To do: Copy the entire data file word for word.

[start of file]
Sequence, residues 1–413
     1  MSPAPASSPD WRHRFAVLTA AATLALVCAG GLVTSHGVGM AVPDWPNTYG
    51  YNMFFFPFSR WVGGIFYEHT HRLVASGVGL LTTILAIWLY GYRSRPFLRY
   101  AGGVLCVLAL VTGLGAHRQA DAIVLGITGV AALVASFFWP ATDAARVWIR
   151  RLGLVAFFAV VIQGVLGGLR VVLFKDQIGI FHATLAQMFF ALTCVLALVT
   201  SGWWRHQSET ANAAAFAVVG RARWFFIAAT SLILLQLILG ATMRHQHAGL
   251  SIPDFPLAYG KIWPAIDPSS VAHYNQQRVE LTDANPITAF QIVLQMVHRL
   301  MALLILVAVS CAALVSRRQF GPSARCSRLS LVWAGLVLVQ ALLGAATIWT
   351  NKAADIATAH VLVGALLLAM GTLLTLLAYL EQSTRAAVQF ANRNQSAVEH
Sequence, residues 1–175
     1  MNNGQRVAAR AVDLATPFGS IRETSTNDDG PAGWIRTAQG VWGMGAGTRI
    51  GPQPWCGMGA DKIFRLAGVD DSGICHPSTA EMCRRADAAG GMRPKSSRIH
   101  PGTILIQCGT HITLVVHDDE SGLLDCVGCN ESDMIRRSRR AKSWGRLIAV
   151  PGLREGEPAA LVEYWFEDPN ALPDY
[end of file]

Sequence, residues 1–413
     1  MSPAPASSPD WRHRFAVLTA AATLALVCAG GLVTSHGVGM AVPDWPNTYG
    51  YNMFFFPFSR WVGGIFYEHT HRLVASGVGL LTTILAIWLY GYRSRPFLRY
   101  AGGVLCVLAL VTGLGAHRQA DAIVLGITGV AALVASFFWP ATDAARVWIR
   151  RLGLVAFFAV VIQGVLGGLR VVLFKDQIGI FHATLAQMFF ALTCVLALVT
   201  SGWWRHQSET ANAAAFAVVG RARWFFIAAT SLILLQLILG ATMRHQHAGL
   251  SIPDFPLAYG KIWPAIDPSS VAHYNQQRVE LTDANPITAF QIVLQMVHRL
   301  MALLILVAVS CAALVSRRQF GPSARCSRLS LVWAGLVLVQ ALLGAATIWT
   351  NKAADIATAH VLVGALLLAM GTLLTLLAYL EQSTRAAVQF ANRNQSAVEH
Sequence, residues 1–175
     1  MNNGQRVAAR AVDLATPFGS IRETSTNDDG PAGWIRTAQG VWGMGAGTRI
    51  GPQPWCGMGA DKIFRLAGVD DSGICHPSTA EMCRRADAAG GMRPKSSRIH
   101  PGTILIQCGT HITLVVHDDE SGLLDCVGCN ESDMIRRSRR AKSWGRLIAV
   151  PGLREGEPAA LVEYWFEDPN ALPDY